• Projectors Are Hot and Loud: Projectors produce a lot of heat, which you will feel in a small enough room. Also, their built-in fans can get quite loud.
  • Startup Time: Projectors can take a minute to warm up. Of course, many smart TVs have the same problem because they’re stuffed full of crappy software.
  • Cable Management: Tucking away the wires for a short-throw projector is pretty easy. But a long-throw projector can make a big mess if you don’t install some cable covers.
  • Maintenance: Projector bulbs die every few years and need to be replaced. Also, projectors have dust screens that need to be cleaned every so often. Laser projectors avoid some of that issue, but they’re more expensive.

Yeah, there are a ton of downsides to gaming on a projector. But if you’re willing to deal with these problems, then it’s time to start shopping! Read on to see some great options, and try not to get too scared by the prices.

Which Projectors Are Good for Gaming?

The BenQ X1300i gaming projector with a PS5 controller.

While any projector with a decent resolution, high brightness (3,000+ lumens), and low input lag (ideally 40ms or less) should deliver a killer gaming experience, I strongly suggest you shop for a gaming projector. As in, the company that sells it explicitly markets it as a projector for gaming.

Shopping for a gaming projector, as opposed to a high-quality office or cinematic projector, will ensure that you get the features that are most important to you. It’ll also help you recognize the different features you can get at various price points—you won’t find a 4K gaming projector in the $700 range, for example.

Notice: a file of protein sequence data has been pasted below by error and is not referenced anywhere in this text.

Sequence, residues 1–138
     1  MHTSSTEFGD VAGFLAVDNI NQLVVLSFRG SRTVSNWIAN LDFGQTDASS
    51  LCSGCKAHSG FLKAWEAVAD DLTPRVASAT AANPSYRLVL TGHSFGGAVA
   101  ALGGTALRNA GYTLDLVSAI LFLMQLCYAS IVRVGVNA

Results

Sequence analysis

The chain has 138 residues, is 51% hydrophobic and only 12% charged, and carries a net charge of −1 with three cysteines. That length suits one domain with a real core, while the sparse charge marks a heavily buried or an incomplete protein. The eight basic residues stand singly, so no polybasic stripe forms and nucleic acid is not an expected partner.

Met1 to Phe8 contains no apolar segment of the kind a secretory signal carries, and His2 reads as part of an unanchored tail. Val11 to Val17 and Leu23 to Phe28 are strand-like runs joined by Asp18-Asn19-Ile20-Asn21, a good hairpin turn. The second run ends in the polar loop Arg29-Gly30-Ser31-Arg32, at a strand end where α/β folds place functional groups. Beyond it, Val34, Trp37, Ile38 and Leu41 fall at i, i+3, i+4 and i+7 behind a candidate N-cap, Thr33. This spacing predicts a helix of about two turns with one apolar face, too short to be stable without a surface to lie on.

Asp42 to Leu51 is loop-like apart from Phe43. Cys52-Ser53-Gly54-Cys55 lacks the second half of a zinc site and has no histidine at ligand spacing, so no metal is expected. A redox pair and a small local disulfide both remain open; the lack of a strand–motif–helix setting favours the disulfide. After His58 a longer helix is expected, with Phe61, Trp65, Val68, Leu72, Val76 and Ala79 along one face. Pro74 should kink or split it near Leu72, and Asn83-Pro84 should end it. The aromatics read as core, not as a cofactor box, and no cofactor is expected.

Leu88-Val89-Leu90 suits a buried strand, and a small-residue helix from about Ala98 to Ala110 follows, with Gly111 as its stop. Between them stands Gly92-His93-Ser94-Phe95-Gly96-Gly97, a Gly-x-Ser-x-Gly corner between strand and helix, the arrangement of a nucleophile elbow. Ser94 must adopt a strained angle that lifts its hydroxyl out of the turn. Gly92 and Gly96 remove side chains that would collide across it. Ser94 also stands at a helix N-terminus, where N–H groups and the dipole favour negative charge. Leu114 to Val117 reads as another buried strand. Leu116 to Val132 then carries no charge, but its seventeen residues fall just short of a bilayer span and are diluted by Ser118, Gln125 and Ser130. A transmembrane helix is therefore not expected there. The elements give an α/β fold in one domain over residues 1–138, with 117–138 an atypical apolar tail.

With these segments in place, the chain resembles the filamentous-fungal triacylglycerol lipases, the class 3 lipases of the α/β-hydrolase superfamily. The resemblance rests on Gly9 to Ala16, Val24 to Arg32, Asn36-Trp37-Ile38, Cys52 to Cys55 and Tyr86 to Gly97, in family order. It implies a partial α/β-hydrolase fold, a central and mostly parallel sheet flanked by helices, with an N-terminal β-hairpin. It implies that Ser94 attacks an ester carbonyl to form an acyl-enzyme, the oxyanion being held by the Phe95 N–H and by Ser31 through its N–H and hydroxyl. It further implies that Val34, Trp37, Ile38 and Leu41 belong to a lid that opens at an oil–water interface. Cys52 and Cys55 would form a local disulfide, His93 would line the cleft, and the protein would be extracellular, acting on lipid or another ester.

Companies like Optoma, BenQ, XGIMI, and Epson list their gaming projectors on their websites. You can also find gaming projectors on Amazon and Best Buy, though I strongly suggest avoiding any projectors that aren’t well-reviewed (and to watch out for fake reviews on Amazon).

For your convenience, here are three great gaming projectors in long-throw, short-throw, and ultra-short-throw form factors. The BenQ TH671ST is a great value if you don’t care about 4K HDR, high refresh rates, and other perks.

BenQ TH671ST 1080p Short Throw Gaming Projector | Gaming Mode for Intense Low Input Lag Action | 3000 Lumens for Lights On Entertainment | 3 Year Industry Leading Warranty

Trying to save money? This BenQ gaming projector costs just $700 but offers 1080p video, 16ms of input lag, and a max brightness of 3,000 lumens.

Optoma UHD38 Bright, True 4K UHD Gaming Projector | 4000 Lumens | 4.2ms Response Time at 1080p with Enhanced Gaming Mode | Lowest Input Lag on 4K Projector | 240Hz Refresh Rate | HDR10 & HLG

The Optoma UHD38 features a 4K resolution, refresh rates up to 240Hz, input lag of just 4ms, HDR10 support, a maximum 120-inch screen size, and a maximum brightness of 4,000 lumens. It's an amazing option for gaming if you're okay with a long-throw form-factor.

Optoma CinemaX P2 White Smart 4K UHD Laser Projector for Home Theater | 3000 Lumens Superior Image with Laser & 6-Segment Color Wheel | Ultra-Short Throw | Built-in Soundbar | Works w/Alexa & Google

Optoma CinemaX P2 120-inch ultra short-throw projector supports 4K 60Hz video, shines at 3,000 lumens, and has an acceptable input lag of 67ms. It also has an integrated soundbar, which is quite nice.

Andrew Heinzman Andrew Heinzman
Andrew is the News Editor for Review Geek, where he covers breaking stories and manages the news team. He joined Life Savvy Media as a freelance writer in 2018 and has experience in a number of topics, including mobile hardware, audio, and IoT. Read Full Bio »